As far as the Middle East is concerned, the Chinese and Russians are now in control and the best we can do is try to stay in good enough terms with them. China and other oil dependent countries will now have to worry about peace in the Middle East so their supply is not compromised.
The next president will need to launch a program to shift the West’s dependence on oil from the Middle East to North America. In this scenario Israel unfortunately is left to its own devices. Jews will have to reconsider their political alliances given that their Democrat "friends" have left them hanging. Their best bet seems to be to ally themselves with Arabia.
I’ve made the point before but I think it is worth repeating. The Democrats led by Nancy Pelosi and Harry Reid turned U.S. foreign policy of the previous century (first by Britain and France and after WWII by the U.S.) in the Middle East on its head starting with the 2006 mid-term elections campaign, and then Obama put the last nails on the coffin. Here is how it played.
The main reason we care about peace in that region is that we don't want to see the supply of oil to the world jeopardized. From our perspective, even if we become self-sufficient in oil, we still need the rest of the world supplied because our industry has become so interconnected with the world economy. To that end the U.S. had been playing the role of guardian of the peace with the main purpose of keeping any major conflicts in the Middle East from jeopardizing the oil supply to the West and now the world.
The biggest longer term threat had become Iran going nuclear and the Arabs following suit. I’ve hypothesized that among the more important reasons Bush went into both Afghanistan and Iraq was to place a protective shield around Iran, thereby be in a position of guaranteeing their security from the Arabs, who had already been making a lot of trouble for Iran on both flanks. With that guarantee Iran would then be coaxed to discontinue its nuclear program, which they did towards the end of 2003. Note that the nearly 250,000 troops providing that guarantee were not just the U.S. but NATO and even some Asian countries. Oil is too important to all of them.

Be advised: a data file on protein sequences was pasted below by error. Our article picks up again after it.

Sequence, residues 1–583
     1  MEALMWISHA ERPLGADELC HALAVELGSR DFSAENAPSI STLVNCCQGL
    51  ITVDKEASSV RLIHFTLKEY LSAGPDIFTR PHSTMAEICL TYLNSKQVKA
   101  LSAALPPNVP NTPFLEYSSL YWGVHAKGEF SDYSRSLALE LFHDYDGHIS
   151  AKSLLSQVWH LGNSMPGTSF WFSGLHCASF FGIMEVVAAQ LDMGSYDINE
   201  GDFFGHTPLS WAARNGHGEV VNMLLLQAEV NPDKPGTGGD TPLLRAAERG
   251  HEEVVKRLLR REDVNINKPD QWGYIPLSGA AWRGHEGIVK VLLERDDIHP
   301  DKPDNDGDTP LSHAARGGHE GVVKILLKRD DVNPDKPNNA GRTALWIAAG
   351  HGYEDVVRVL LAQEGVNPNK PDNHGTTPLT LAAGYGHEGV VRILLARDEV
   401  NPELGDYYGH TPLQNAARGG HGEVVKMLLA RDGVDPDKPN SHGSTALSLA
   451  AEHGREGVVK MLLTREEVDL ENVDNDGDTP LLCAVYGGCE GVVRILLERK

Obviously such a display of force was not sustainable but the point had been made: NATO could mobilize on short notice sufficient troops to guarantee the security of Iran. In the meantime they had gotten rid of threats to Iran on both flanks, including Saudi incursions from Afghanistan.
Enter the Democrats in 2005 and particularly the 2006 electoral campaign. They attacked Bush quite viciously and made it clear that the strategy that he had put in place was not sustainable, that it was not the policy of the U.S. but just that of one Republican administration. Where before politics had ended at the water’s edge, this time Nancy Pelosi and Harry Reid made it clear that was no longer the case. The consequence was that Iran quickly resumed its nuclear program. The rest, as the saying goes, is history.
Unfortunately what started as an oil play has now reached far beyond with the growth of Middle East terrorism. Now we won't just have conventional and asymmetric warfare to worry about, but also the use of nuclear weapons by rogue regimes and their proxies.